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JSX. The Cognitive Hack

Posted February 13, 2015

This short article is intended to convince the JSX holdouts a little bit more on why HTML in your JavaScript through JSX is a great idea.


For years we’ve been taught—and in turn echoed the belief—that HTML is our structure and JS is our behavior layer. HTML should only go in *.html files. Now I am certain there are some historical reasons for this, many of which are likely still relevant if you work in a DOM-as-source-of-truth world.

Then you look at this thing React which speaks of itself as a library for building UIs and it spits mud in the face of all you hold dear by sticking this HTML right in the daggum middle of your JavaScript file. What lunacy is this?!?!

Let’s take a step back and give the engineers who built this the benefit of the doubt for a moment. These are, inarguably, extremely intelligent individuals working on projects at scale, both in terms of developers touching the codebase and product size. Not only that, they’re eating their dogfood by using this in production. (For the uninitiated, React was originally created by the engineers at Facebook and Instagram where they use it to power their web products.)

Knee-jerk reactions are expected, but let’s move beyond that for a moment. To echo the sentiments of other folks: give React half a day. Literally. If you already have experience building UIs, you can be productive and confident with what you are writing with React in a mere 4 hours.

React’s approach fundamentally joins two disparate joints of the same limb together. Yes, your structure and behavior are no longer spread across technologies or files. With React components these two parts of the same thing travel together and cannot be separated.

A short example

Let’s say we want the expressive power of an iOS or Android style Switch component. Transferring this concept to the web in a form-based way, I would choose to create some HTML around a checkbox input to accomplish this because the interface I would expect for a switch is identical to that of a switch.

  • onChange event handlers
  • checked state (only slightly different semantics from on|off)
  • name
  • id
  • label
  • et cetera

First, let’s take a quick look at what consuming this component looks like. What I would would want as the application developer would look something like this:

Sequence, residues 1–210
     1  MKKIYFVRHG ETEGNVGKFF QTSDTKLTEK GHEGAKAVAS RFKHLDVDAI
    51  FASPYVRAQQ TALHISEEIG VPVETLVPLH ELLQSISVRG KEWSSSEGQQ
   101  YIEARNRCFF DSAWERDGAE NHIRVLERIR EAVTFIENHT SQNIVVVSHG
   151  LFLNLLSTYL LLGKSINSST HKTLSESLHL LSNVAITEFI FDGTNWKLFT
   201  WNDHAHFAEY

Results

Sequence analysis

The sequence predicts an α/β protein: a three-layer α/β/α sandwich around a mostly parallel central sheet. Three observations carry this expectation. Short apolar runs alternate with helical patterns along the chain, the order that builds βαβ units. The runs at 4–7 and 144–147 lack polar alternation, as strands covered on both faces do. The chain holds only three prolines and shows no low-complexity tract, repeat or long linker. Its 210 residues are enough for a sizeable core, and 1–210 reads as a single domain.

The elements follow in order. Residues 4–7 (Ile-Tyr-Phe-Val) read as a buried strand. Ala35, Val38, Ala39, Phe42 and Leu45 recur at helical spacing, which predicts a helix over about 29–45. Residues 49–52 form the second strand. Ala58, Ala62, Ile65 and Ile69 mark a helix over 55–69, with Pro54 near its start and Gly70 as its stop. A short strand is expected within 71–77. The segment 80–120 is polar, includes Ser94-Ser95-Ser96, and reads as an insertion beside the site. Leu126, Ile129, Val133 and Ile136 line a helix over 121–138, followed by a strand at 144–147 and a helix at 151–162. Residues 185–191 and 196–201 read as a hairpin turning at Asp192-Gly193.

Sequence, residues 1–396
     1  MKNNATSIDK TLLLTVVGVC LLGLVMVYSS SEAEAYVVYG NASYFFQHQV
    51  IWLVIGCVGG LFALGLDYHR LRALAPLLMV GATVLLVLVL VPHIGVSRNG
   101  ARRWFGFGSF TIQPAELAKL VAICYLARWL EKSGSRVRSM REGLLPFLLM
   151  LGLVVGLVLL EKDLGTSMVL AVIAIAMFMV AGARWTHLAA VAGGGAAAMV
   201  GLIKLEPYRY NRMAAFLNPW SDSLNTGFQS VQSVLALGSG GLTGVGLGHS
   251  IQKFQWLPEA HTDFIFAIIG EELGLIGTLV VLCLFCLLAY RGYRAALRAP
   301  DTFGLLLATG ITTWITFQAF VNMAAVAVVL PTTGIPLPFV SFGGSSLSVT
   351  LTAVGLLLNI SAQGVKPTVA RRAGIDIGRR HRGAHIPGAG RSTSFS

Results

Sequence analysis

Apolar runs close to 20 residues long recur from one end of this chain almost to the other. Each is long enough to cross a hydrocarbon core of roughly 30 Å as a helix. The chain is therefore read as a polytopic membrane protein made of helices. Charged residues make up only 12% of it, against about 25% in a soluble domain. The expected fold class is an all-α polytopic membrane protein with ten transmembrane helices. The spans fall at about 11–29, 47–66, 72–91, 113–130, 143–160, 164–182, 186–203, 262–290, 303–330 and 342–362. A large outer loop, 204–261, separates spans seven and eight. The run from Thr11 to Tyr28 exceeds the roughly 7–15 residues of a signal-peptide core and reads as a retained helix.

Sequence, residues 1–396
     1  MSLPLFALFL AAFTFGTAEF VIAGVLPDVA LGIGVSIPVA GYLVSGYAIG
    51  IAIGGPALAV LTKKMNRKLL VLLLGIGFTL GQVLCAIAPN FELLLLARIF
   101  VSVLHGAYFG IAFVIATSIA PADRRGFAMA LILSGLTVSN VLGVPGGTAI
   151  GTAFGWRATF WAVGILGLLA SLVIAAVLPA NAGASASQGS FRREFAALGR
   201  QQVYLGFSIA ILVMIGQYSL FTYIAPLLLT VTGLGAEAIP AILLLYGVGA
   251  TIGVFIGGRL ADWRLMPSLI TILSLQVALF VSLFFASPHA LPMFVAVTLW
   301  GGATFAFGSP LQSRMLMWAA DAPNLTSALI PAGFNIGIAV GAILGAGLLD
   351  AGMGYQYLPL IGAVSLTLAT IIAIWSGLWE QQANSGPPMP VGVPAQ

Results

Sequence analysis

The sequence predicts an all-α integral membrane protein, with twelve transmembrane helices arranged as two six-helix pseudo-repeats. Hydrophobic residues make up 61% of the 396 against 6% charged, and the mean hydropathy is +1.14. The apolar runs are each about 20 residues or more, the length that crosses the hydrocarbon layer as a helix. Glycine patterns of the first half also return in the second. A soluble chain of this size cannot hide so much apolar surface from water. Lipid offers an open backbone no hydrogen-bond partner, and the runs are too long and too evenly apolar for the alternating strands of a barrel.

<form action="/api/endpoint" method="POST">
  <Switch label="Send robots to hug Dustan?" checked={true} />
  <button>Submit</button>
</form>

Very clear and very expressive, no? Now let’s implement this with React.

/**
 * An iOS or Android style Switch element.
 * The interface is that of a standard input[type="checkbox"] control, with the
 * addition of a `label` property.
 * 
 * Pseudo-ASCII-art UI:
 *   On:  (•|_)
 *   Off: (_|•)
 */
class Switch extends React.Component {
  getInitialState() {
    return {id : this.props.id || UUID()};
  }

  render() {
    var {label, ...props} = this.props;

    return (
      <label htmlFor={this.state.id} className="Switch">
        <span className="Switch-label">{label}</span>
        <div className="Switch-ui">
          <input ref="checkbox" type="checkbox"
            className="Switch-input"
            name={this.state.id}
            {...props} />
          <div className="switch__toggle"></div>
        </div>
      </label>
    );
  }
}

Speaking only of the JSX part, part of the beauty is that it creates an automatic cognitive context switch due to the clear, visual structural change. There is a tight coupling between your behavior and your view. React components embrace this innate fact and marry them together in a sane and maintainable way; they co-locate these related concerns.

JSX is the affordance for your brain to automatically context switch. This switch from behavior to view requires no additional effort on your part.

What about my other concerns?

Granted, this leaves a few pieces of your components concerns out of the picture. Namely, style and data fetching. The React team isn’t prescriptive about how you choose to solve these problems.

There are a number of CSS in JavaScript approaches (more blasphemy!) such as RCSS and react-style, and react-future/layout. I would highly recommend Christopher Chedou’s slides on the subject: react-css-in-js

For data fetching, GraphQL was just announced at React Conf and it is seriously blowing my mind. Watch the video Data fetching for React applications at Facebook and read the Q&A on this gist by one of the designers of the system: Nick Schrock.


These words brought to you by Dustan Kasten. A friendly, bearded, husband, father, and user interface engineer living in Charlotte, NC. Considers himself quite partial to React.js these days. Find @iamdustan on Twitter